TEL AVIV — Israel began a targeted vaccination drive Monday for 700 Jordanian workers employed in hotels in the coastal resort city of Eilat, in an apparent goodwill gesture meant to ease a slow-burning diplomatic feud between the neighboring countries.

The workers, who had for most of the past year been banned from crossing into Israel because of coronavirus restrictions, were permitted entry after a decision Friday, at the urging of Israeli Foreign Minister Gabi Ashkenazi, the Israeli Embassy in Amman and Jordanian authorities.

“The return of the workers to Israel is another step in strengthening the civil relations between Israel and Jordan,” Israel’s Foreign Ministry said in a statement, adding that the Jordanian workers would need to test negative for the virus and quarantine according to Israeli Health Ministry regulations before working in Israel.

The apparent vaccine diplomacy move comes as Israel — the world’s fastest-vaccinated country, with more than half of its population having received at least a first dose — is opening hotels, restaurants and land border crossings. It also coincides with an escalating row between Israel and Jordan that has been exacerbated in recent months by Israel’s outreach to its new strategic allies in the Persian Gulf region.

Last week, Jordanian Crown Prince Hussein bin Abdullah canceled a visit to Jerusalem’s al-Aqsa Mosque compound after his security detail was denied entry by Israeli border officials.

The next day, Jordan refused Israeli Prime Minister Benjamin Netanyahu access to Jordanian airspace needed for a widely publicized trip to the United Arab Emirates, the first official visit by an Israeli leader to the UAE since normalization of relations was established officially six months ago. Although permission was ultimately granted, Netanyahu’s office said it came too late.

“The visit to the Emirates was not possible due to a misunderstanding, because of the coordination of the visit to the Temple Mount,” Netanyahu said.

Jordanian Foreign Minister ­Ayman al-Safadi said in an interview on CNN that Jordan was “angry” with Israel.

“You renege on an agreement with Jordan, you disrupt a religious visit, you create conditions that made this religious visit on a holy occasion impossible, and then you expect to come to Jordan and fly out of Jordan? Let’s be serious here,” he said.

As retaliation, Netanyahu unilaterally decided to close Israeli airspace to flights originating in Jordan. The order was communicated via email to the Transportation Ministry and the Civil Aviation Authority, just 45 minutes before it would be implemented. ­Netanyahu rescinded the order minutes later, after officials retorted that the closing would amount to a violation of the 1994 Israel-Jordan peace agreement, according to Israeli media.

“The relationship between [Jordan’s King] Abdullah and Netanyahu was never a good one, but Netanyahu is managing to alienate the Jordanians even further,” said Arie Kacowicz, a professor of international relations at Hebrew University.

The strained relations have been put under additional pressure in recent months, following the signing of the Abraham Accords — Israeli normalization agreements with Bahrain, Morocco, Sudan and the UAE.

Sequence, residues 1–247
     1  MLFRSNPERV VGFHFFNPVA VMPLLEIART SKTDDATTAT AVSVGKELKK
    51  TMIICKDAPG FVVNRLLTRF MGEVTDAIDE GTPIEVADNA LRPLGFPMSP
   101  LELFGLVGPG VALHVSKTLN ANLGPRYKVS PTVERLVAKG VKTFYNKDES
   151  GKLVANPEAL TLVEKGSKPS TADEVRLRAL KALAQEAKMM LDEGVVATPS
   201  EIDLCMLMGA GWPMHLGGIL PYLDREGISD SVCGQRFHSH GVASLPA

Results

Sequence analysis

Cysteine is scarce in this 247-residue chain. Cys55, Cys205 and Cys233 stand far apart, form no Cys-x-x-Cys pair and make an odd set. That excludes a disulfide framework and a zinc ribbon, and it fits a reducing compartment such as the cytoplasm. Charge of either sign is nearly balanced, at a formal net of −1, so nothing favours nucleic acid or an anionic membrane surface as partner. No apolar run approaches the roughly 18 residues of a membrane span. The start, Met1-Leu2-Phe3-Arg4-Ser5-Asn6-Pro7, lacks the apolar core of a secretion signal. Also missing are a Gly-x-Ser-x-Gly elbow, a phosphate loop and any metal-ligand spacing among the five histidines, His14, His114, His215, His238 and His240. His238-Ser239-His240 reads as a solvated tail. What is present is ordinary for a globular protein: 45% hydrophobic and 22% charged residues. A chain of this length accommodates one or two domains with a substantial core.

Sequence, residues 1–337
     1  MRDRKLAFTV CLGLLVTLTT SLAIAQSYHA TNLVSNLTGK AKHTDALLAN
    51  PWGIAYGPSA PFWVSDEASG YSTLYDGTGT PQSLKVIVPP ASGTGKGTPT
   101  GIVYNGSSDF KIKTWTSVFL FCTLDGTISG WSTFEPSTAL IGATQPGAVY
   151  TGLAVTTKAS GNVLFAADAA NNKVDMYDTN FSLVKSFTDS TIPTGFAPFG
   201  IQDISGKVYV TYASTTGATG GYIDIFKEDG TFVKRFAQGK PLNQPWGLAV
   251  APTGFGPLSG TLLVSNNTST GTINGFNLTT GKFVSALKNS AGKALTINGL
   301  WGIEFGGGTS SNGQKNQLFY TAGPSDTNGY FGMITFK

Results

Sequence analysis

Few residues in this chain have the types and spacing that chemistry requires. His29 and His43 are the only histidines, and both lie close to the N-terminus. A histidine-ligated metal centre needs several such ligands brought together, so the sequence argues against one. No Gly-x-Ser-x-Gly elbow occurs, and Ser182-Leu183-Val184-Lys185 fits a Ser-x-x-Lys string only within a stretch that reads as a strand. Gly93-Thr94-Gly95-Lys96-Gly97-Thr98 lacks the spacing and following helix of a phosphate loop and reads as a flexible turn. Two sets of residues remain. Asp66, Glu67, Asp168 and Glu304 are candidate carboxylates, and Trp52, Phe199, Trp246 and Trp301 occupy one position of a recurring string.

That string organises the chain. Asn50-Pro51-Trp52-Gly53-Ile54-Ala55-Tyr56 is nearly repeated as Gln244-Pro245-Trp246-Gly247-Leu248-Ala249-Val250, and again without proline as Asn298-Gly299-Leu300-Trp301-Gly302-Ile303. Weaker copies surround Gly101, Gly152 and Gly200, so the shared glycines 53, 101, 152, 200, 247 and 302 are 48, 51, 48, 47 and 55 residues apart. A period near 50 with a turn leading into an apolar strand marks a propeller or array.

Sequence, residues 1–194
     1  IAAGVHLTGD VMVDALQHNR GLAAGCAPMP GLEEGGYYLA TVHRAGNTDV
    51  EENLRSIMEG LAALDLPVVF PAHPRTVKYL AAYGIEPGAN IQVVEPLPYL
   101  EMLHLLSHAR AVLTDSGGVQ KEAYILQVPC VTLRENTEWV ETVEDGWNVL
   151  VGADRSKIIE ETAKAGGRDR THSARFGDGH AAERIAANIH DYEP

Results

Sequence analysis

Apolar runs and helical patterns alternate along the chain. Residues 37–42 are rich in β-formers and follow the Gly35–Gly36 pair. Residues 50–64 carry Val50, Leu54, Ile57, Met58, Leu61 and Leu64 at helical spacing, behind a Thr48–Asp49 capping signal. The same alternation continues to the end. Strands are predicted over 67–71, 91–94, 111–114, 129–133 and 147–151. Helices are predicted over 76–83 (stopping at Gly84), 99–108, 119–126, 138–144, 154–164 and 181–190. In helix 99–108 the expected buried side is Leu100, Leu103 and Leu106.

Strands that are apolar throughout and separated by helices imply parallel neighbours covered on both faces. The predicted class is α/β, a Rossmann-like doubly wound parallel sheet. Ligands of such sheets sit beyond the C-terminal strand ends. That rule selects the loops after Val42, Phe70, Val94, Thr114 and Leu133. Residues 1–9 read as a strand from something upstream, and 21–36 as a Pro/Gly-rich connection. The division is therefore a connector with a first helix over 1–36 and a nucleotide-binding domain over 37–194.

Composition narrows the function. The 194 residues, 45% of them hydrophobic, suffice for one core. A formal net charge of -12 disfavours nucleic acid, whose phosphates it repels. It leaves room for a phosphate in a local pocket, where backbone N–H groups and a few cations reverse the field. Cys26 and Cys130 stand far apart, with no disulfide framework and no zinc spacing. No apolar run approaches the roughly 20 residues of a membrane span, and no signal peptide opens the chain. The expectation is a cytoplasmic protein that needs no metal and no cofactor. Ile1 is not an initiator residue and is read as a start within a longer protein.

On Tuesday, Netanyahu said he told the Israeli online news site Ynet that “four other peace deals are on the way.”

The Abraham Accords have sidelined the Palestinian issue, which had for decades been considered a precondition for Israeli access to economic and diplomatic ties with the greater Arab world. When an Emirati delegation ­arrived at Jerusalem’s al-Aqsa Mosque in October, Palestinians removed them.

Netanyahu, who has frequently showcased the landmark deal as part of his political campaign ahead of March 23 elections, announced last week that he had clinched more than $10 billion in investments in Israeli infrastructure projects, including in new trade routes between the Persian Gulf and Europe via Israel, Jordan and Saudi Arabia.

“For Netanyahu, developing new diplomatic relations with faraway countries involves disregard for old relations with neighboring countries,” read an editorial by the left-leaning Israeli newspaper Haaretz.

Tensions have returned the Temple Mount, an elevated esplanade in East Jerusalem’s Old City that has for decades served as a flash point in the Israeli-Palestinian crisis, to the fore. The site — which houses the al-Aqsa Mosque, the third most-sacred site in Islam, and the Temple Mount, the most sacred site in Judaism — has frequently been called a “tinderbox” by Jordan’s king.

Jordan has long expressed concern that an uptick in Israeli-Palestinian violence at the holy site could spill over into the entire region, and result in a “massive wave of Palestinian refugees — a nightmare for Jordan,” said Asher Susser, a senior fellow at the Moshe Dayan Center for Middle Eastern and African Studies.

Under the 1994 Israeli-Jordanian peace deal, Jordan ­retains official guardianship of ­Islamic and Christian sacred sites in East Jerusalem. But with what many activists say is the tacit agreement of the Israeli government, far-right Israelis have increasingly declared Israeli “sovereignty” over the holy site in a development that observers say caused the conflict to spill into the region.

“The Jerusalem issue is not only about Hashemite prestige, it is also about Jordanians being desperately interested in managing the Jerusalem issue to secure peace in Jerusalem, for the sake of their own national security,” Susser said. “What we’re seeing now, small insults exchanged between Israel and Jordan, is about the lack of progress on the Palestinian issue; something much more profound.”